An agency of the Ministry of Industry, Investment & Commerce, the JBDC is Jamaica’s premier business development organisation working collaboratively with government, private sector, as well as, academic, research and international communities.



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‘MODERNISING TRADITIONAL Jamaican Craft’ was the topic for discussion at the Jamaica Business Development Corporation’s (JBDC’s) Virtual Biz Zone Webinar recently. Laura Jones, senior lecturer at the Edna Manley College of Visual and Performing Arts (EMCVPA), while speaking to producers in Jamaica’s craft industry, raised the question, “How do we innovate and remain competitive?”

According to the Creative Economy 2022 Report, “The global exports of creative goods represented US$524 million in 2020, while world exports of creative services reached US$1.1 trillion.” Jamaican craft entrepreneurs can benefit from the global demand for these creative goods.


With Jamaica, “Still in its developing stage of craft production when compared to Africa, Japan, India and some parts of Latin America”, Jones said. “We have to invest in tools that improve efficiency and enable production, and this doesn’t mean that it always has to be high-tech. Bamboo is one of our traditional materials we use, but we can no longer be using cutlass. We have to find other tools to help refine the objects that we make.”

“It’s not enough to just be creative or just want to make things. We also have to streamline our product offerings. Sometimes we do too much. Too much can confuse our customers. Start to focus on the things we do best,” she added, directing those in the creative industry to discover their niche and perfect it.


Jones raised the issue of Jamaican craft entrepreneurs refusing to work together, “If we are going to remain in the game, we have to learn to collaborate. We have to shed the idea that ‘everybody is going to steal my idea so I won’t share with anybody’,” she said.


However, the creative expert is encouraging persons to utilise intellectual property (IP) registration to not only protect their creations but to reap monetary rewards, “Even with the conversation about IP registration, that is very important. But if it is you are not monetising that IP asset, why do an IP registration?”

“The point of IP registration is to monetise. So, you are protecting your asset because you want to be able to gain as much from that asset before that IP expires. If you are only seeking to protect your ideas because you can create ideas, and you go to JIPO only to protect those ideas, then you are not being business-savvy,” Jones continued.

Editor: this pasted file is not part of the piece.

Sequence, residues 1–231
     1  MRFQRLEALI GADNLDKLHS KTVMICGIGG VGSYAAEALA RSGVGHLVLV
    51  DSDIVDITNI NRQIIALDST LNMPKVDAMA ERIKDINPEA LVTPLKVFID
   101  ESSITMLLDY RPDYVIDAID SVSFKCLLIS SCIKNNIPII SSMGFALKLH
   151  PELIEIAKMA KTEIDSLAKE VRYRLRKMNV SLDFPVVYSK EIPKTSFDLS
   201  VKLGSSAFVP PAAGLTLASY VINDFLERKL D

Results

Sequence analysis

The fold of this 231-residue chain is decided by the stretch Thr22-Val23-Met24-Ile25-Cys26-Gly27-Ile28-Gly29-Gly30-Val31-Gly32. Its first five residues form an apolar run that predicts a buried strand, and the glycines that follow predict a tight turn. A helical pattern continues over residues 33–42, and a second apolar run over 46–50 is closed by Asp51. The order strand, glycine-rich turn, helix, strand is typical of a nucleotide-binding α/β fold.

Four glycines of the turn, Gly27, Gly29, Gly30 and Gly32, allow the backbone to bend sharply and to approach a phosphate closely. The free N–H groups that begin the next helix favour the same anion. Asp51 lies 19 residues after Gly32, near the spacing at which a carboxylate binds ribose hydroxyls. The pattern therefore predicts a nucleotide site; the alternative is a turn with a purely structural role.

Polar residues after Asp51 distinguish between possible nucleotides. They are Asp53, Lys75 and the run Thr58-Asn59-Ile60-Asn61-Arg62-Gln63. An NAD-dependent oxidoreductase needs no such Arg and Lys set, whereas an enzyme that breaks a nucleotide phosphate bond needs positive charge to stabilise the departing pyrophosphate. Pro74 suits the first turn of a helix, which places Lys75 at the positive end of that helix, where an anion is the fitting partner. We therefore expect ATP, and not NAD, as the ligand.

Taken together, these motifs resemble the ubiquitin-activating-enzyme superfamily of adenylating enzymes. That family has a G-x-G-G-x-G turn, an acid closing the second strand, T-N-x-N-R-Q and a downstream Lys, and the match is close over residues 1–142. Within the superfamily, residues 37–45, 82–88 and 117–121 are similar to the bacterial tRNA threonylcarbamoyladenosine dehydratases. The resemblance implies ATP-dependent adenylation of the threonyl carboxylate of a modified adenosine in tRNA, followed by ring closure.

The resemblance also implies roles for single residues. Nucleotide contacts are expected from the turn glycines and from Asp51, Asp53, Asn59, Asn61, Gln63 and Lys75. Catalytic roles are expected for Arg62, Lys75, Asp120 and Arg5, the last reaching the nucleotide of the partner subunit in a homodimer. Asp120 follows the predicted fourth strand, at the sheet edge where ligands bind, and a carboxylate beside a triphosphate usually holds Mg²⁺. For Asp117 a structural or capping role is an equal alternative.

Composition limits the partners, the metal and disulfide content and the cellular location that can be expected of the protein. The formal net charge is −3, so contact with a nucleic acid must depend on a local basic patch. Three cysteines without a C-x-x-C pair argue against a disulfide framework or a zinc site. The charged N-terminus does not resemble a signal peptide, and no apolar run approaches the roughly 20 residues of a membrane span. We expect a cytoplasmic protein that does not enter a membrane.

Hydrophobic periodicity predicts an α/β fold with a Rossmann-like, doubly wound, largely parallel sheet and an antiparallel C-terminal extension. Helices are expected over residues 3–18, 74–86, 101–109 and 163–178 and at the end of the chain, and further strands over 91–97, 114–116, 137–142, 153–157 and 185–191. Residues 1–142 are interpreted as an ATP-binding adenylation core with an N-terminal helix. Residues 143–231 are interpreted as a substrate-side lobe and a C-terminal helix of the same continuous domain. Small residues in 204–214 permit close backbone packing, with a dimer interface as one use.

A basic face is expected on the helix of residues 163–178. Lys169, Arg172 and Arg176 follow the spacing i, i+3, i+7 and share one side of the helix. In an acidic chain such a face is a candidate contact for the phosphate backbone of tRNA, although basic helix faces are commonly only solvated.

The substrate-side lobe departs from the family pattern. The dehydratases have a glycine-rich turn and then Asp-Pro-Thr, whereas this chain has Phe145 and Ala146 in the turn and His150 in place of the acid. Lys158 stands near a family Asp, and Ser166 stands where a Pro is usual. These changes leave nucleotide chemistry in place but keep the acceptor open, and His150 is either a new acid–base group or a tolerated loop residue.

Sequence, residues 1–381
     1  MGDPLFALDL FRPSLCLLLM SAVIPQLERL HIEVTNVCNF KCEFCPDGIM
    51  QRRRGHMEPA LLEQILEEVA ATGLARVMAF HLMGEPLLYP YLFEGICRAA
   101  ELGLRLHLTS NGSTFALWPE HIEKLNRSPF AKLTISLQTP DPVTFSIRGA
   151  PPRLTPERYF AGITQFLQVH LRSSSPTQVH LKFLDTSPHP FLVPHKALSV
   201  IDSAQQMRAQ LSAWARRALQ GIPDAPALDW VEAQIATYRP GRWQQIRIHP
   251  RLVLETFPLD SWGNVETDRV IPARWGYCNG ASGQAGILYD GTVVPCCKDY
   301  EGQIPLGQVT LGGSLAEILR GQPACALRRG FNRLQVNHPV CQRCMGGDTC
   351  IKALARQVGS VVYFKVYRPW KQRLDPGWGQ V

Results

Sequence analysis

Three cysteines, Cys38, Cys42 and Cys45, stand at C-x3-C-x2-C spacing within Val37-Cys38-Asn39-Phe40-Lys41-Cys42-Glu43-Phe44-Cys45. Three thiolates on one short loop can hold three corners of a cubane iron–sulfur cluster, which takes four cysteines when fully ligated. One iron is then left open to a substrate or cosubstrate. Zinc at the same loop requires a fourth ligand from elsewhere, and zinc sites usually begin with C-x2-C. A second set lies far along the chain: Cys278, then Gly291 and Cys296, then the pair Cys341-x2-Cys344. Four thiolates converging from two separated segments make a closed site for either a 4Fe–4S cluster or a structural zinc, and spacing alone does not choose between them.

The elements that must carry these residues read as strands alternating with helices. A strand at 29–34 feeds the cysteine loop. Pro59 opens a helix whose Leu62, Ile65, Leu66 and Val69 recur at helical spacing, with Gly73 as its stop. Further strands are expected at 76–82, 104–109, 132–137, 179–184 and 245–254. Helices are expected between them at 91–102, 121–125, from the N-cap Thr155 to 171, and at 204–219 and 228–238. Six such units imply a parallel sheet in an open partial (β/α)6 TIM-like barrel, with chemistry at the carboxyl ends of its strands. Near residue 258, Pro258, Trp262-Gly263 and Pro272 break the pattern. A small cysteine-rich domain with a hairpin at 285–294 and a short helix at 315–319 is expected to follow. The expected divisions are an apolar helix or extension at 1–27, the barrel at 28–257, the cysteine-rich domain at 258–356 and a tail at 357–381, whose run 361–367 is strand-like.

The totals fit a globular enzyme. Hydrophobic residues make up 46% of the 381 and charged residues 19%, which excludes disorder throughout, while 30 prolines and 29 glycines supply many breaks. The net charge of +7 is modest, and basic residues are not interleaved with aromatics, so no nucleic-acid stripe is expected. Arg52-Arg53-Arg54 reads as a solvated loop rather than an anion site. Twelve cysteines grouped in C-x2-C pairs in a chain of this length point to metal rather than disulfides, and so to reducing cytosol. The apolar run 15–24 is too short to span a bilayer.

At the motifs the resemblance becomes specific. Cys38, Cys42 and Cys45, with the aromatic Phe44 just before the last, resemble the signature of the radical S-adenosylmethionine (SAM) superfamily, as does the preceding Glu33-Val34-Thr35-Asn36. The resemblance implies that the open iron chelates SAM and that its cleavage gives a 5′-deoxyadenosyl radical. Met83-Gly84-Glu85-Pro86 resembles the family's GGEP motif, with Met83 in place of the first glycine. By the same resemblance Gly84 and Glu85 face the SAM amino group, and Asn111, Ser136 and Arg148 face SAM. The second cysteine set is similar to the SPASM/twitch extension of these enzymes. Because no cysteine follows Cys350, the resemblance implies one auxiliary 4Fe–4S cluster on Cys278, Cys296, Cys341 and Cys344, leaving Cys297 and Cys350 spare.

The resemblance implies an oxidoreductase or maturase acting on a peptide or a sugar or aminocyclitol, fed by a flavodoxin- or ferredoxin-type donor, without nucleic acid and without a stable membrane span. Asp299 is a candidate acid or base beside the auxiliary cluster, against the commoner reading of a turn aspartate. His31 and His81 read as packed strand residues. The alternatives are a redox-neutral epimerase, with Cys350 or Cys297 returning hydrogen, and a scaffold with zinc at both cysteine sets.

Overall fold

To increase one’s selling power, Jones says it’s not enough to just create, “Move from just creating a product to creating an experience. More customers are buying into the experience that you have; the experience you may have with this maker; the experience you may have with this retail space. We are not just selling a product any more, we are selling experiences.”


“If you can’t do it by yourself, get help”, she said while answering the question of how entrepreneurs can innovate and remain competitive, “There are agencies like JBDC that are there to assist individuals, makers in the sector – utilise it”.

Jones encouraged craft entrepreneurs to apply the nine pillars of the business model canvas to their craft operations, to see their business move to the next level. These include defining customer segment; defining their value proposition; defining strategies for getting customers, keeping them, growing them; detailing resources; how to get products to customers; identifying and establishing key partnerships; identifying all costs; and understanding how to make money.

Entrepreneurs may join the Virtual Biz Zone Webinar every other Tuesday at 10 a.m. on the Zoom platform. Visit to register.

Source: Jamaica Gleaner –


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